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Epic Games ruled in lawsuit alleging Apple’s monopoly


Epic Games filed notice appealing a federal judge’s decision in a lawsuit alleging that Apple is running an illegal monopoly that stifles competition.

Epic Games filed the notice that is appealing a federal judge’s decision in a lawsuit alleging that Apple is running an illegal monopoly that stifles competition.

The creator of the popular Fortnite video game said in a court filing on Sunday that it would take the decision to the Ninth Circuit Court of Appeals in San Francisco.

In a 185-page ruling delivered Friday, US District Judge Yvonne Gonzalez Rogers ordered Apple to break down a lucrative portion of the competing barricade guarding its close iPhone App Store, but dismissed Epic’s allegations that Apple runs a monopoly.

Epic’s notice of appeal said it would appeal the final decision “and all orders leading to or causing that decision.”

The ruling continues to dispel the so-called “walled garden” that Apple has built around its crown jewel, the iPhone, and its App Store, without toppling it entirely.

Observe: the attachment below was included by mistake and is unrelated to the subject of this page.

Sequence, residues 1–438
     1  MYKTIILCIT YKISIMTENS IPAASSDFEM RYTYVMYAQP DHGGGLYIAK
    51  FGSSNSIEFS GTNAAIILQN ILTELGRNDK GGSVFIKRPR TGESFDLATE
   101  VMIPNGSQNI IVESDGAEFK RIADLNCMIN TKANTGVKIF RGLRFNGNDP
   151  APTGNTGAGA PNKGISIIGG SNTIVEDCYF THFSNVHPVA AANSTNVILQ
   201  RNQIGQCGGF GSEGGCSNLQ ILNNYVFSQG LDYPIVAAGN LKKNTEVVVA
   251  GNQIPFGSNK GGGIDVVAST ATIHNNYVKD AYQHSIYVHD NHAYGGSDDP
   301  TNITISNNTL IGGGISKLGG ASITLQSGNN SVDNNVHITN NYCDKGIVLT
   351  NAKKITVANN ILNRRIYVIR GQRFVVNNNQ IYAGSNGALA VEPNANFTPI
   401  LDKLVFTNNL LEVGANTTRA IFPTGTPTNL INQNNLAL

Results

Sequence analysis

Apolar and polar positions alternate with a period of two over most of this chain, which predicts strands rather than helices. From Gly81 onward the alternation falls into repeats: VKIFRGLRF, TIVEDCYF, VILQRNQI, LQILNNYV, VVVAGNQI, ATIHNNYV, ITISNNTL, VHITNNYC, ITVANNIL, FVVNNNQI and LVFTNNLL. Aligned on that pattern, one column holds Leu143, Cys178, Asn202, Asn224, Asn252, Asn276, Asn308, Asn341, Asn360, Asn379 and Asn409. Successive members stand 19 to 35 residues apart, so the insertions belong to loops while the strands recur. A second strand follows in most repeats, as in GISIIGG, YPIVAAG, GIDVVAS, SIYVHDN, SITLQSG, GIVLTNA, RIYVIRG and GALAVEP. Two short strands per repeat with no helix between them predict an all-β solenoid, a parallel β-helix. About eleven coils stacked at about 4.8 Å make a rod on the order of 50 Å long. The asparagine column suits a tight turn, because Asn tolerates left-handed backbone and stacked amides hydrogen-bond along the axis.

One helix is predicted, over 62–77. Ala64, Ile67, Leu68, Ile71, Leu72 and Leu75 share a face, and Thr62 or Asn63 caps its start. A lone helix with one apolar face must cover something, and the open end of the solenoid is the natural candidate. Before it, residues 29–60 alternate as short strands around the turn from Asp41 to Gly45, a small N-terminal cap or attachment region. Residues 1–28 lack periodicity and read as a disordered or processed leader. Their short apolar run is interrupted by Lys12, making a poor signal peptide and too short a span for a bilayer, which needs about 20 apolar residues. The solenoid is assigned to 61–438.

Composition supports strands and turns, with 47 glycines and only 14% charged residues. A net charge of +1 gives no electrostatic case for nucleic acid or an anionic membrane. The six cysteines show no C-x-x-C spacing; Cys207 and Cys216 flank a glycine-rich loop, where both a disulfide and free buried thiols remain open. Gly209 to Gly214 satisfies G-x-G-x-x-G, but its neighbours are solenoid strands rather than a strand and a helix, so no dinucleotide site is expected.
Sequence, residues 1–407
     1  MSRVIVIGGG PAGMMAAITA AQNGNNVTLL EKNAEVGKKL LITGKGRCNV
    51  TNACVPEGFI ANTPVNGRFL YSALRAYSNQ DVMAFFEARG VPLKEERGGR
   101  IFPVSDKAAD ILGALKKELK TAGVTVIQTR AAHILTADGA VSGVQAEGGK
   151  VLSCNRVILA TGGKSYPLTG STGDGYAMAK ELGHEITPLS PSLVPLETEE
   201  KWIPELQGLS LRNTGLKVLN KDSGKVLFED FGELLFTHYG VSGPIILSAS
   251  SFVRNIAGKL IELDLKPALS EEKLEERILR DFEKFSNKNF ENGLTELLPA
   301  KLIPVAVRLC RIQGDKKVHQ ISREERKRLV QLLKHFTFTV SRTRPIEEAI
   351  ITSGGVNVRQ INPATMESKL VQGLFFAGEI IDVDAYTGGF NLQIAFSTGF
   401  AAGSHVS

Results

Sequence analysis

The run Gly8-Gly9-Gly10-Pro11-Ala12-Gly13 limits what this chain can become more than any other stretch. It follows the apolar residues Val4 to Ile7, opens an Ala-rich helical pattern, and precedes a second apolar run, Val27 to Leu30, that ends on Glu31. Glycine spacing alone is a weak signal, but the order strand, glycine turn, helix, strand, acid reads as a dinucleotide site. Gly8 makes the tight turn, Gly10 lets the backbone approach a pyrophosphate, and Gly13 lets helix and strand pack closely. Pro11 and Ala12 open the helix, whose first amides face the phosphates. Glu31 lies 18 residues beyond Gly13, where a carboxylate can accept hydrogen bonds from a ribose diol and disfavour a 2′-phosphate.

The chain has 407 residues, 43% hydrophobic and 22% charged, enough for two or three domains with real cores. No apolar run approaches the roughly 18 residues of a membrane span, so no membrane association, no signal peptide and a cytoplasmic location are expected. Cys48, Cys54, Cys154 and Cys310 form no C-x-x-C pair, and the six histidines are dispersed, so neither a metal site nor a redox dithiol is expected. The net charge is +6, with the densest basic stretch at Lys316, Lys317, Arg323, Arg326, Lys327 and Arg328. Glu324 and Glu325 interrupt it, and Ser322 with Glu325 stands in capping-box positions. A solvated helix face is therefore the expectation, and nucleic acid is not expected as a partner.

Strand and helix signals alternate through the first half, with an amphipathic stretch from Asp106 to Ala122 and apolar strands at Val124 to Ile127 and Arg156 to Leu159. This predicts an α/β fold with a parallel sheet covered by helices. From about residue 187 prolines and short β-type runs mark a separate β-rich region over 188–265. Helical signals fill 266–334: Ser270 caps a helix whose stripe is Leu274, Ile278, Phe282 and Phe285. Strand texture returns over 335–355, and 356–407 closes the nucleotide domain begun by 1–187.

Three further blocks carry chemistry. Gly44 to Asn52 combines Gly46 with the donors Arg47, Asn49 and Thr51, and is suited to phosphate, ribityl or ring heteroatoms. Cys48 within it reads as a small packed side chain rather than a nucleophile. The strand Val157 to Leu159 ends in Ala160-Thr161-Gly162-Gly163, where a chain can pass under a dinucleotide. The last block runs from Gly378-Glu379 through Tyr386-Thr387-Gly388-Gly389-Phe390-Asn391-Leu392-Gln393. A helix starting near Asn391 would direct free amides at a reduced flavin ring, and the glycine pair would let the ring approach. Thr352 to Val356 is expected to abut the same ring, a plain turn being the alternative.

The decision also provided some retaliation for Apple. The judge did not brand Apple as a monopoly or require competing stores to offer apps for the iPhone, iPad, and iPod touch.

Those were two of the biggest motives sought by Epic, which it hoped would be a historic antitrust case last year after defying a special payment system that allowed all of Apple’s in-app digital transactions on iPhones. Funnels 15% to 30% of the .

While parts of his decision raised questions about whether Apple’s fees were driving up prices for consumers, Gonzalez Rogers upheld the fee structure and urged the company to stop other stores from offering apps for its iPhones. retained the right. He sided with Apple on every other important point of the matter.

But the judge concluded that Apple had been engaging in unfair competition under California law, ordering the company to allow developers across the US to insert links to payment options other than iPhone apps. That change would make it easier for app developers to avoid paying Apple’s commission, potentially hitting billions of dollars in revenue annually.

Apple did its best to frame the decision as an outright victory, even as it acknowledged it could appeal part of the ruling that made it easier for app developers to turn away Apple’s commission. will make

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Krischer reported from Detroit.

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